Google’s latest moves for positive UX

 

Barry Schwartz drew attention to important moves by Google over the previous weekend (9/10 April) that aim to clamp down on unnatural outbound links and inbound links from free product previews.

In both cases the desired outcome will be to curtail artificial methods of gaining search page ranking that have nothing to do with demonstrating genuine user engagement or enhancing user experience. It is to Google’s credit that they are continually seeking to reward quality content and penalise material of little or no value. These developments are part of this ongoing process.

Avoiding spurious outbound links

Search Engine Round Table published the first Barry Schwartz article Google issues mass unnatural links penalties over weekendwhich reports Google’s new emphasis on spurious outbound links from a website to other sites.

The search engine already penalises unauthentic inbound links, so this new move closes a loophole by which sites can gain prominence on search pages that is undeserved.  Those at fault will receive notice from Google that unnatural outbound links from their site have been detected.

The pattern that has emerged from these outbound links is described as “artificial, deceptive or manipulative” and Google states that “buying links or participating in link schemes in order to manipulate PageRank is a violation of Google’s Webmaster Guidelines.”

The post Unnatural Links to your site  includes a video presented by Matt Cutts and Google colleague Sandy. They emphasise that:

  • The aim of this action is to create a level playing field for websites
  • Prominence on search pages should not be a commodity that can be bought.

Using nofollow instructions

Google’s manual spam action can be fixed by removing unnatural links from the site and then filing for reconsideration. Guidance from Beymour Consulting asks the question as to whether penalised sites are likely to see a decline in their ranking or traffic, and so far the situation is unclear.

“As of right now, there is no indication that the penalty will impact rankings or traffic. There hasn’t been an official statement from Google as to what specific links are being targeted, or if the penalties will result in a site being blacklisted, or demoted in the SERPs.”

However, it could affect the bigger picture for the website concerned, because as the author Brandon Seymour observes:

“Although Google didn’t specify much in terms of rankings, they do mention that they will “discount” the trust of a site’s links. So this could potentially have a systemic impact on sites that have a large number of these links – especially sites that essentially relied on the authority passed through these links for rankings.”

Matt Cutts did concede that there could be perfectly good reasons for a link that might seem to be irrelevant to a search query to be included on a website; for instance in acknowledgement of an advertiser or sponsor. In such a case, a nofollow instruction should be written into the HTML to show that the hyperlink in question should not influence the ranking of the link’s target in a search engine’s index.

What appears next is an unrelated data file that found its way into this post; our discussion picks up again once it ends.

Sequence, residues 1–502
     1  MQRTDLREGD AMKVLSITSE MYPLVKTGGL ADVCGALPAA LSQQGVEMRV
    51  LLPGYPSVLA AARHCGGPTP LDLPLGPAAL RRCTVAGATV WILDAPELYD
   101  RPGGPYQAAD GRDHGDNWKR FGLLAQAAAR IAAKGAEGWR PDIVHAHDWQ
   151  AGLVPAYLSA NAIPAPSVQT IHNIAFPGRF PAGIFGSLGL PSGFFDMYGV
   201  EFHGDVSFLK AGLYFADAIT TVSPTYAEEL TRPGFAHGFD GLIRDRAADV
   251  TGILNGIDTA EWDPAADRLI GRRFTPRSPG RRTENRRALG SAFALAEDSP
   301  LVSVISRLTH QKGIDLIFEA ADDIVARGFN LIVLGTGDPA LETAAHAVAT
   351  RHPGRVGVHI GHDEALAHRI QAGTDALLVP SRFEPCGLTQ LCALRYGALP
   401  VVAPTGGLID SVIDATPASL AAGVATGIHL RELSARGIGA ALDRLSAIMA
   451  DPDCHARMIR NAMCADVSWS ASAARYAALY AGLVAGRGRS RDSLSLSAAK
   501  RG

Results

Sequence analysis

Warning to bloggers about free product previews

A follow-up Barry Schwartz post in Search Engine LandGoogle’s manual action penalty this weekend was over free product previews covers Google’s warning to bloggers to disclose free product previews and to nofollow any links to companies concerned.

Google’s Webmaster Central Blog has advice for bloggers that receive free products from companies to review or to give away in return for a mention in a blogpost.

Links that pass PageRank in exchange for goods or services are against Google guidelines on link schemes. Companies sometimes urge bloggers to link back to:

  • the company’s site
  • the company’s social media accounts
  • an online merchant’s page that sells the product
  • a review service’s page featuring reviews of the product
  • the company’s mobile app on an app store

Bloggers should use the nofollow tag on all such links because these links didn’t come about organically (i.e., the links wouldn’t exist if the company hadn’t offered to provide a free good or service in exchange for a link). Companies, or the marketing firms they’re working with, can do their part by reminding bloggers to use nofollow on these links.”

Ensuring content quality and transparency

Bloggers are also advised to disclose any relationships they have with companies and also to “create unique compelling content.” There’s not much to argue about there. Visitors will value transparency and content quality in the blogposts they read and that will increase their trust in the source. So following these guidelines and increasing positive perception of their blog posts is very much in the blogger’s interest.

These manual actions by Google are closely related in that they aim to:

  • Help web users reach the content they require without irrelevant interference
  • Ensure that PageRank is not achieved by deceptive means.

Of course, many websites may carry links that fall foul of Google’s Webmaster Guidelines without having had any intention to deceive. Fortunately, because these are manual actions as opposed to automated algorithms, the penalties can be removed relatively quickly once the website has made the required adjustments.